Category Archives: Random Thoughts

Free Stuff, and really, who doesn’t like that?

I just came across a really cool website called Noise Trade. This is one I think you’re going to enjoy and hopefully spread the word about. It’s a music site where artists can post their albums. All the music is available for download. You have to payment choices: 1) Pay whatever you feel appropriate (in Radiohead sort of way) or 2) Tell three friends about the album. Also, all the music is DRM free. Pretty cool set up, if you ask me.

Most of the music is folk rock or acoustic, but there is definitely something for everyone. The whole thing is sponsored by Paste Magazine, which instantly gives it a bit of credibility as the quality of music hosted. (If you haven’t read Paste, you need to. Think of it as Rolling stone, but actually worth reading. More music, more intelligent. It’ currently my favorite magazine. But that’s a whole other post for another time.) Continue reading

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When you’re right, you’re right. This is not one of those times.

I just read an article over at Lutonaut about going to the movies. Here’s a little tidbit:

i haven’t been inside a movie theater in a while so i don’t know the prices. let’s just say that it costs $8 dollars to see a movie. $8 dollars. $8 f*****g dollars to see one movie once. what are paying for that $8 dollars, aside from the socializing?

* to see it on a big screen.
* to see it when it comes out.

I completely disagree. What are you paying for? You are paying to see a work of art in the way the artist designed it to be seen. It’s the difference between seeing seeing The Last Supper in person versus seeing a photograph of the mural in a book. Can you enjoy both? Yes certainly. Is it the same looking at the actual painting and the book? No in the least.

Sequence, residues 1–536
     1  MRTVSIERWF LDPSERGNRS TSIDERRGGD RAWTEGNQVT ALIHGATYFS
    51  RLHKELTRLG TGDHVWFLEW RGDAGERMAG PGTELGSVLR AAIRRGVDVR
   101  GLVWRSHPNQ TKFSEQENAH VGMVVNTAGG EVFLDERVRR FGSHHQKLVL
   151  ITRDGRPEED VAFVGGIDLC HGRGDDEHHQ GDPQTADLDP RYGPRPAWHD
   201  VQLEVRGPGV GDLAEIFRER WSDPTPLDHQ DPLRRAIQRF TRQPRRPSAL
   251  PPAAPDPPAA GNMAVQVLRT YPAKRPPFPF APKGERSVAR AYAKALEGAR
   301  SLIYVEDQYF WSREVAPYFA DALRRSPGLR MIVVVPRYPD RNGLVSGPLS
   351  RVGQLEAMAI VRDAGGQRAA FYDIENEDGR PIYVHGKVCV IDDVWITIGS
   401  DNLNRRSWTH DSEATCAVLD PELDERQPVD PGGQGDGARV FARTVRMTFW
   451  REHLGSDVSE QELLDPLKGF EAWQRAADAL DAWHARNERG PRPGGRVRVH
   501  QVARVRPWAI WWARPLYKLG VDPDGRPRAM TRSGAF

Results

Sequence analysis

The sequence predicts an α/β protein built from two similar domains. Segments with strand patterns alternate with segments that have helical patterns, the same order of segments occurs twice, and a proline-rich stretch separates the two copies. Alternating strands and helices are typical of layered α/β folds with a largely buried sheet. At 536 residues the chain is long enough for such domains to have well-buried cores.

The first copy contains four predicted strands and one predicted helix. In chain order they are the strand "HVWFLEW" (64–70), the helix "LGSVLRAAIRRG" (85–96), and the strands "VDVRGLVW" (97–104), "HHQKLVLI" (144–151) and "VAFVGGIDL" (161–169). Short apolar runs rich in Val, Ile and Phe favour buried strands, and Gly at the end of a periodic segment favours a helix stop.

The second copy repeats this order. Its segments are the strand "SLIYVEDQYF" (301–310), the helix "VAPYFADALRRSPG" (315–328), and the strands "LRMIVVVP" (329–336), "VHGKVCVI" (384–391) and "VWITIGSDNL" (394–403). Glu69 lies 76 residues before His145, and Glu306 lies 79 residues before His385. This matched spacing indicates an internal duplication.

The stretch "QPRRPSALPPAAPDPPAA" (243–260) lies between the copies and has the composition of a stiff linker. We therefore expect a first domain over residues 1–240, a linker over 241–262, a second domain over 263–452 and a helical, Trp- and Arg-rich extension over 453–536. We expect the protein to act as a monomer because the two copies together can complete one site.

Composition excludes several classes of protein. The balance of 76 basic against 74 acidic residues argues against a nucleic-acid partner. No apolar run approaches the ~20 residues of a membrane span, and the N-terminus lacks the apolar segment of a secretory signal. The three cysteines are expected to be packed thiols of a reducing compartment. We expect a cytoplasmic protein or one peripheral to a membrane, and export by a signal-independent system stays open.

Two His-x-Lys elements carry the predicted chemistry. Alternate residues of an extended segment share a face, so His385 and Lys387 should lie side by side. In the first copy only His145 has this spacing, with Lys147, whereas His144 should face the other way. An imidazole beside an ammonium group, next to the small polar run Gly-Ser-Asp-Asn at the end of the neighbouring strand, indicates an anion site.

Are all films great works of art? No, that’s definitely not what I’m saying. Not all movies are worth the price of a ticket, but that’s why we have reviews and film critics. I actually see very few movies in the theater.
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How I Learned to Stop Worrying and Love the Bomb

Today is the day of The Bomb. That’s right, sixty-three years ago, outside of Alamogordo, New Mexico, the first atomic bomb was detonated. It was a day that drastically shaped the course of modern history. It was a day that proved just how much man could do. It was a day that gave birth to the end of World War II and to the beginning of the Cold War. It was a truly original event.

I didn’t realize today’s significance until I read a post over at Boing Boing. After witnessing the blast, Robert Oppenheimer, the Father of the Atomic Bomb, quoted the Bhagavad Gita: “If the radiance of a thousand suns were to burst at once into the sky, that would be like the splendor of the mighty one. Now I am become Death, destroyer of worlds.” I’ve been thinking about that for the last few hours.

I’m not trying to make a statement as to the morality or correctness of atomic warfare. I simply think it’s worth taking a moment to consider the ramifications of the event that happened sixty-three years ago.

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And we were angry and poor and happy, And proud of seeing our names in print.

So it’s a little late in coming, but I should probably explain why this blog is named The Eighth Art. The name comes from an essay written by Sergei Eisenstein in 1922 in which he argues that Cinema is a new art worthy of its own muse. In the essay, he draws up the image of a ‘Council of Muses’ with Charlie Chaplin, representing the new art of film, entering and sitting in one of the appointed seats.

For those not up on their early twentieth century Soviet film history, Eisenstein was the premier filmmaker in Russia, and is considered the father of film montage. He wrote two massively influential books on film theory, Film Form and The Film Sense. His most famous films are Potemkin and Ivan the Terrible I & II.